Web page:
Aveni, though, was visibly unhappy to lose the vote. And it seems that’s when he went into another activist huddle. A call went out among 40 Days For Life protesters to pack the public comment period of the next meeting, to insist that clinics get stricter regulations right now. A hundred anti-choice clinic protesters lined up on February 24 to speak for hours, in a sneak attack of half-truths and muddled comprehension of the issue at hand. Then Aveni attempted to call a vote on their demands: a unilateral do-over of the February 3 vote! Council member Randolph moved instead ­that the council have two weeks to mull it over. That brings us to next Monday’s council meeting—where it is crucial that pro-small-government, pro-fiscal-conservatism, pro-women, and pro-choice Virginians show up to tell them not to be intimidated by Aveni’s gang of latecomers.

Vice Mayor Harrover writes on his personal blog, “I’ve no love of abortion but this process was already in place.  It’s what the Council voted on last time around. … This [February 24] motion would appear to pre-judge the outcome of staff and legal work.  That’s got potential to cause some remarkable legal headaches.” And: “Amazing we can find money in the budget for this but not parks & rec, redevelopment or economic development.  We’re the only locality in NoVa that has none of these things.  Yay Us!” Plus, as political blogger Ben Tribbett points out, there’s very real potential for Fairfax’s hasty zoning changes targeting clinics to take that city’s whole political process hostage. This is what Aveni wants for Manassas. That, and to have the personal power to overrule the autonomous decision-making of pregnant people with the same kind of arrogant bully tantrum that he pulled in insisting that City Council re-do a vote until the results suit him.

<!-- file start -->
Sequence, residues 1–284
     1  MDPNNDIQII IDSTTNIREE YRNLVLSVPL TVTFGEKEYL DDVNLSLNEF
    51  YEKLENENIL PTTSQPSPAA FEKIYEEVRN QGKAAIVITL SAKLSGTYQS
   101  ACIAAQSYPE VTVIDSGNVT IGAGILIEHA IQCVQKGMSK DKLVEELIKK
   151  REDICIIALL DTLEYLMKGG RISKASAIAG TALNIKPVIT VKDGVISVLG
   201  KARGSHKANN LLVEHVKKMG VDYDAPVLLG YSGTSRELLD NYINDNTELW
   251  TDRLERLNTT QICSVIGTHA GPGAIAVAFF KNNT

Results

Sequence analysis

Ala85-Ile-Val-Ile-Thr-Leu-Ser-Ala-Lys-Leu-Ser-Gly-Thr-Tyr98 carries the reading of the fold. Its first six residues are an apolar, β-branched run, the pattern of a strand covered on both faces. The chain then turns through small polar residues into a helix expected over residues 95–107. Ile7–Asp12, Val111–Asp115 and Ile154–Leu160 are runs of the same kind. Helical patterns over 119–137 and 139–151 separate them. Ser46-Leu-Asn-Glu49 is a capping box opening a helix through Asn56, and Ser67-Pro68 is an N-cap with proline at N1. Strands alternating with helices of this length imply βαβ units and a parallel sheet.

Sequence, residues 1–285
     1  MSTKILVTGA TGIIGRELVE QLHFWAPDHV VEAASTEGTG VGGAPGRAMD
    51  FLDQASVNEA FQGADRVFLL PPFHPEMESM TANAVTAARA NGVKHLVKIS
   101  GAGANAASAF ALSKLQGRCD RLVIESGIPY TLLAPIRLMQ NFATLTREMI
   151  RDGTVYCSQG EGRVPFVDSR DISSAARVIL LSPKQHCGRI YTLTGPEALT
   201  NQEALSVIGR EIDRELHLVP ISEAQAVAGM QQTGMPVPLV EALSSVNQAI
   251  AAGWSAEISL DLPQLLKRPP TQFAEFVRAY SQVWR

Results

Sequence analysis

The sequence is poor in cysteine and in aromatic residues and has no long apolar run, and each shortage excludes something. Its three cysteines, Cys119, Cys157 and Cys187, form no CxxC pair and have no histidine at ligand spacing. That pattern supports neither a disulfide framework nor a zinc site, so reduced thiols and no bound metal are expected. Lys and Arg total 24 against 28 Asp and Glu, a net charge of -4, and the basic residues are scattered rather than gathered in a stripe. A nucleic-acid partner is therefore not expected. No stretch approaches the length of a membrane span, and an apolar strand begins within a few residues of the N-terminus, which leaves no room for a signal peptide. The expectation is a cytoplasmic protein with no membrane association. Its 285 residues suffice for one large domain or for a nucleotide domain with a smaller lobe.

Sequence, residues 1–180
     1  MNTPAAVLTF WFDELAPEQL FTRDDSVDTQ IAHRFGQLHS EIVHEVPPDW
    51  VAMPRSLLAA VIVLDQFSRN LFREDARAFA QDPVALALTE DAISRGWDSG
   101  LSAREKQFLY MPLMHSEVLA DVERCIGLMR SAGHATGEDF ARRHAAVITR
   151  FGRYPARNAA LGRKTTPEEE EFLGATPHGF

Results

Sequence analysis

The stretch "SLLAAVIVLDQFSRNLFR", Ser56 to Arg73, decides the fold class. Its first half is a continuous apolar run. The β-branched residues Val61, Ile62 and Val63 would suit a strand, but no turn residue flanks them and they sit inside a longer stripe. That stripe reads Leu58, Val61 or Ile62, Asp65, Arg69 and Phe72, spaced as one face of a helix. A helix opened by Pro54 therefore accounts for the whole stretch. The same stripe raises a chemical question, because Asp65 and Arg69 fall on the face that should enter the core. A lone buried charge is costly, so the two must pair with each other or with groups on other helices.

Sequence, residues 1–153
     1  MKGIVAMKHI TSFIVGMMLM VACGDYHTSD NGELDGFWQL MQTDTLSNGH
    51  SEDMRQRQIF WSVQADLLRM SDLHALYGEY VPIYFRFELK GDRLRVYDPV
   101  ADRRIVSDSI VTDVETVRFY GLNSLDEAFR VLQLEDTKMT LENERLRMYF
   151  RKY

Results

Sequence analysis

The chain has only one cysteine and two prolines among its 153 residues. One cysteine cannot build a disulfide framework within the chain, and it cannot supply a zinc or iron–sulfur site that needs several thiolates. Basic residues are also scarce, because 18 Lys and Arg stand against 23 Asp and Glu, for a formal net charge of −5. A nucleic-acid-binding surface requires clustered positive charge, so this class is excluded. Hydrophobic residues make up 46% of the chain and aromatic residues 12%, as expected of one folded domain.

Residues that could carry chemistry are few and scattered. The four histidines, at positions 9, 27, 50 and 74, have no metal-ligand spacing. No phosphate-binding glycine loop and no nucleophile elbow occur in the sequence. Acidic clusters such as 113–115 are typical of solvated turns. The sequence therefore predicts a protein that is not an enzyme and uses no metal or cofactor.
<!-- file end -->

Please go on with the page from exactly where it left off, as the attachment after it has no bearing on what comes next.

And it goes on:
One in three American women will have an abortion in her life: that’s 1.4 million women in Virginia alone. With just 18 clinics left in the state, many of those women have gone to, or will go to, the Manassas clinic for their abortion care.

There is no guarantee that the comprehensive zoning overhaul that we want will avoid a bad outcome for the Manassas clinic or any future Manassas clinic. But we know Aveni’s rush-job, piecemeal attack will be bad. A Special Use Permit puts any clinic one city council vote away from a shutdown. And if Aveni can airlift a crowd into a council meeting to demand a revote on a zoning proposal, what’s to stop him from doing the same with a clinic closing proposal­­?

Aveni doesn’t get to keep on making up the process as he goes along. Join me on Monday night in Manassas to say that six years of legislative harassment is enough.